Adding to the dropout rates, for some, the global pandemic may have meant loss of vision insurance or means to afford an expense such as contact lenses. Unfortunately, COVID-19 has caused widespread financial burdens, and it seems that for some patients, the luxury of wearing contact lenses is sometimes one of the first expenses cut from the budget.
Related: 2 factors that increase risk of microbial keratitis in contact lens wearers
In other cases, established patients are not willing to give up completely on contact lens wear; therefore, optometric practices may be seeing patients switch from an extended-wear lens to a daily-wear lens. Especially in the midst of a global pandemic, it is important for ODs to educate patients that contact lens wear can be an affordable, safe and healthy option.
Increase in requests for refractive surgeries
Some patients have decided that they would rather take a different refractive route, and a global pandemic encouraged them to finally take the leap. In practice, patients have inquired about refractive surgery options more frequently, which has led to more screenings across refractive facilities. I am curious to see the retrospective studies on the general trends in refractive surgery over the next few years after the COVID-19 pandemic.
Incidentally, in my experience more requests for refractive surgery screenings have yielded more undiagnosed keratoconus and other corneal dystrophies that have excluded patients from being candidates for surgery. Instead, we have been able to steer them toward the specialty contact lens route, thus contributing to the rise in specialty contact lens fittings during the COVID-19 pandemic.
Related: Myopia control data and whats to come with Dr. Noel Brennan
Increase in specialty lens fits
If the COVID-19 pandemic revealed anything in the practice of Micaela Crowley, OD, and other specialty lens practices across the nation, it is the impact that scleral contact lenses have on a patient’s quality of life.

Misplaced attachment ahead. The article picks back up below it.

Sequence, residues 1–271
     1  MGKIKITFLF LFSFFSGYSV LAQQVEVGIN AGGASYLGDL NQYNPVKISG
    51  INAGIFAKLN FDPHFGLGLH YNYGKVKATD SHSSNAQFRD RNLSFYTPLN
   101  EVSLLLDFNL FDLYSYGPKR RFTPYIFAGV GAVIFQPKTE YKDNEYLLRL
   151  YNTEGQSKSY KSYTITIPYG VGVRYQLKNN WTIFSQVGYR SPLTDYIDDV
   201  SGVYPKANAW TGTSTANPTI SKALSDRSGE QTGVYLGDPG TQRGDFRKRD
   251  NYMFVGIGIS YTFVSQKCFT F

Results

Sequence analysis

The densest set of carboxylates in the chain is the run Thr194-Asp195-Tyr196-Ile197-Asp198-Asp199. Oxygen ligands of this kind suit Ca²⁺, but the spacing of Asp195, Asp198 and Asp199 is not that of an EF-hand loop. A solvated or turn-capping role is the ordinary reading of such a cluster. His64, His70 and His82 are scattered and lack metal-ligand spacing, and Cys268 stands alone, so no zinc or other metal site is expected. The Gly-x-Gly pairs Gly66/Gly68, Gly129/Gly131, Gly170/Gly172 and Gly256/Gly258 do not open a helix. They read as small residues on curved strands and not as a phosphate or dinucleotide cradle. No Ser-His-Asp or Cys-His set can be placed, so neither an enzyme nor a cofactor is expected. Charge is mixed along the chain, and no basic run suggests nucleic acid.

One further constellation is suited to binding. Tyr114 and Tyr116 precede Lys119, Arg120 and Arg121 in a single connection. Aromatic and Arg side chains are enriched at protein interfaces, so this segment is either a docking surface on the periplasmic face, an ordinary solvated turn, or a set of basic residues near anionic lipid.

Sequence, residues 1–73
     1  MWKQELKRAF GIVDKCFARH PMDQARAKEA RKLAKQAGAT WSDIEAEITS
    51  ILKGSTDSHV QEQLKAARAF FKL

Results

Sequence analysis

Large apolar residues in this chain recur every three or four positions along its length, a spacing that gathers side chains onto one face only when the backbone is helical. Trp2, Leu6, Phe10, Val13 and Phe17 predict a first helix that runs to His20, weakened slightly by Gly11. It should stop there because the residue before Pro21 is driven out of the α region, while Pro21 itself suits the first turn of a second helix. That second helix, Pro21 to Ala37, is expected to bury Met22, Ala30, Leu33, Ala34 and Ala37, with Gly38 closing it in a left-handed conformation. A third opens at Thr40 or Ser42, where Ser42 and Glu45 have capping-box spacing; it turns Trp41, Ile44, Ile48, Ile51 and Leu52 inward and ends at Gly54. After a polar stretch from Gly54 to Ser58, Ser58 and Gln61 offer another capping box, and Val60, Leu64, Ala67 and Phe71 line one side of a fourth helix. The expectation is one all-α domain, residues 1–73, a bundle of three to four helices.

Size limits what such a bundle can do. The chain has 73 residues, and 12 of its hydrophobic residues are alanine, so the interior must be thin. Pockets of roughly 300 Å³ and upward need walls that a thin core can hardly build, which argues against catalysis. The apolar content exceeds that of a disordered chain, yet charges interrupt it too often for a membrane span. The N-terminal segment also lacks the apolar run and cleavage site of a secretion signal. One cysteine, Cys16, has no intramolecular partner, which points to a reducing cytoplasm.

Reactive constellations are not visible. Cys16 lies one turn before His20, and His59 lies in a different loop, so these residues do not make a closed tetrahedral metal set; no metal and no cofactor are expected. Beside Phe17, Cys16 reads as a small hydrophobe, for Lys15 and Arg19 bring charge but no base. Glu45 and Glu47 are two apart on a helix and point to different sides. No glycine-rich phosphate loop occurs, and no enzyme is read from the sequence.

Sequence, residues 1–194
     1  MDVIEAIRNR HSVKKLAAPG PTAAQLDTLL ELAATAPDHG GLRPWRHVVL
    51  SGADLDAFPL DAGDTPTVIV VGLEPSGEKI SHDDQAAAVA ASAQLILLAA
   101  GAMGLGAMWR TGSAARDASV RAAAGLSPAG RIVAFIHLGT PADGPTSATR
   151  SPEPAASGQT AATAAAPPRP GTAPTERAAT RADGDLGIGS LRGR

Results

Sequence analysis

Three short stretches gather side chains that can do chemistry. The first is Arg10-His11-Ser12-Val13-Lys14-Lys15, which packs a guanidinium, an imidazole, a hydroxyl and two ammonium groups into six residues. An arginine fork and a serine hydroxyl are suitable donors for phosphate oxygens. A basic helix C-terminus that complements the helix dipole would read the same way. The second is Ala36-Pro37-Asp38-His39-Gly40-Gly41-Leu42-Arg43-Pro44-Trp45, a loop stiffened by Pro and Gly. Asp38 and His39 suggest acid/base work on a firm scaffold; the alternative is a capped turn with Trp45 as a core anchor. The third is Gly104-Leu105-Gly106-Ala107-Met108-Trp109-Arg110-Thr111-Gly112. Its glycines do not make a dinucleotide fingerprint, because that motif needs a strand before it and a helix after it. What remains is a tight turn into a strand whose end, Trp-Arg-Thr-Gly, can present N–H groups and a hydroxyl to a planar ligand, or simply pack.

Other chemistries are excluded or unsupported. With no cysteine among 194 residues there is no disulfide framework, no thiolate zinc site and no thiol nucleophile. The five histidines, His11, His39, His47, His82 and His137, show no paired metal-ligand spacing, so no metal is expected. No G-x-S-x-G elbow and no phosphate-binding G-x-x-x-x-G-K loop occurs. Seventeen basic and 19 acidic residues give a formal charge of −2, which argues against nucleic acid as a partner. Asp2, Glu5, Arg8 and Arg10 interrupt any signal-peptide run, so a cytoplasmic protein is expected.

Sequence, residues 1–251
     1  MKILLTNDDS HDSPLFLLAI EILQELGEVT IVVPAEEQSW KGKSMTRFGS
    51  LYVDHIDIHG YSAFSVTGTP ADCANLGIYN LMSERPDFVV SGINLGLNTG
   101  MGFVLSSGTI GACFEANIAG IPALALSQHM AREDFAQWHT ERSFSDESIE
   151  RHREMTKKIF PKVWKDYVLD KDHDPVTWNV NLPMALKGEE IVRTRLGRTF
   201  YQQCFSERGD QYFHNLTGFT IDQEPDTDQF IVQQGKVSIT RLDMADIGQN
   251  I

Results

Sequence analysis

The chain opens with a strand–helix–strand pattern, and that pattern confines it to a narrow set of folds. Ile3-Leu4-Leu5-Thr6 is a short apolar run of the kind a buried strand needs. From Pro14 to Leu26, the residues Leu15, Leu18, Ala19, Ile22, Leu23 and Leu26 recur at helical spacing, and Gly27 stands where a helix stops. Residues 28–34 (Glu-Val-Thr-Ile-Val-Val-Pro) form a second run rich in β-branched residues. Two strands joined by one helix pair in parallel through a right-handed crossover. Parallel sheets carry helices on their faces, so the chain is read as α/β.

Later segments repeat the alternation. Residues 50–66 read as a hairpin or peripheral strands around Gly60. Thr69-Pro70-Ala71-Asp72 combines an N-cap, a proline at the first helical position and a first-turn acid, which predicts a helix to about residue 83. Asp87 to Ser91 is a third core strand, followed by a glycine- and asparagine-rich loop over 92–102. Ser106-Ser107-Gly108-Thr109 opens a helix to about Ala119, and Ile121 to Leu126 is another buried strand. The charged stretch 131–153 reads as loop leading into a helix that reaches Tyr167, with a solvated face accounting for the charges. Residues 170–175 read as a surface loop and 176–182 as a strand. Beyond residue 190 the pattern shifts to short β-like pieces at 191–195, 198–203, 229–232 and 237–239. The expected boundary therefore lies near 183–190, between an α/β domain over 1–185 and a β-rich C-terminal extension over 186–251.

In the majority of cases, scleral lenses are medically necessary therapeutic devices that provide comfortable and functional vision for a patient to perform activities of daily living. Per Dr. Crowley, whether it was due to worry of a mishap with a lost, broken, or poorly fitting speciality lens or worry from a news source (falsely) suggesting contact lenses unsafe to wear, she saw an increase in scleral lens fits throughout 2020.
“Scleral lens patients were at the front of our minds early in the pandemic and our office made sure these patients knew that we were there for them,” Dr. Crowley says. “Many telehealth meetings were scheduled with scleral lens patients to ensure best hygiene practices and switching to a hydrogen peroxide disinfection system6 if it wasn’t already part of their daily routine. Depending on the concern, in-person exams were considered urgent for some of these specialty lens patients.
“Despite their undeniably life-changing potential, scleral lenses have the reputation of being time consuming and a logistical nightmare in a busy office setting. Reduced schedule spots and increased demand forced us to evaluate protocols and immediately adapt to remain successful during the COVID-19 pandemic. For scleral lenses in particular, it meant implementing a direct ship-to-patient delivery system, adding members to our scleral lens team, and bringing on new technology such as profilometry to streamline the fit process.”
Related: 4 vision-related causes of contact lens discomfort
More from our January 2021 issue
1. Gelidan AG, Mrad MA, Kattan AE, AlEnazi TH, Bakraa RM, Barry MA. The Public’s awareness and willingness to undergo plastic surgery procedures during the COVID-19 pandemic. Plast Reconstr Surg Glob Open. 2020 Sep; 8(9): e3170.
2. Osborn G, Dumbelton K. Eye care professionals’ perception of the benefits of daily disposable silicone hydrogel contact lenses. Cont Lens Anterior Eye. 2019 Aug; 42(4):373-379.
3. Vianya-Estopa M,Wolffsohn JS,Beukes E, Trott M, Smith L, Allen PM. Soft contact lens wearers’ compliance during the COVID-19 pandemic. Cont Lens Anterior Eye. 2020 Aug 14;S1367-0484(20)30155-7.
4. Vianya- Estopa M, Garcia-Porta N, Piñero D, Mannion LS, Beukes EW, Wolffsohn JS, Allen PM. Contact lens wear and care in Spain during the COVID-19 pandemic. Cont Lens Anterior Eye. 2020 Nov 11;S1367-0484(20)30194-6.
5. Portello JK, Rosenfield M, Chu CA. Blink rate, incomplete blinks and computer vision syndrome. Optom Visi Sci. 2013 May;90(5):482-87.
6. Centers for Disease Control and Prevention. Contact Lens Care Systems and Solutions. Available at: https://www.cdc.gov/contactlenses/care-systems.html#hydrogen-peroxide. Accessed 12/21/20.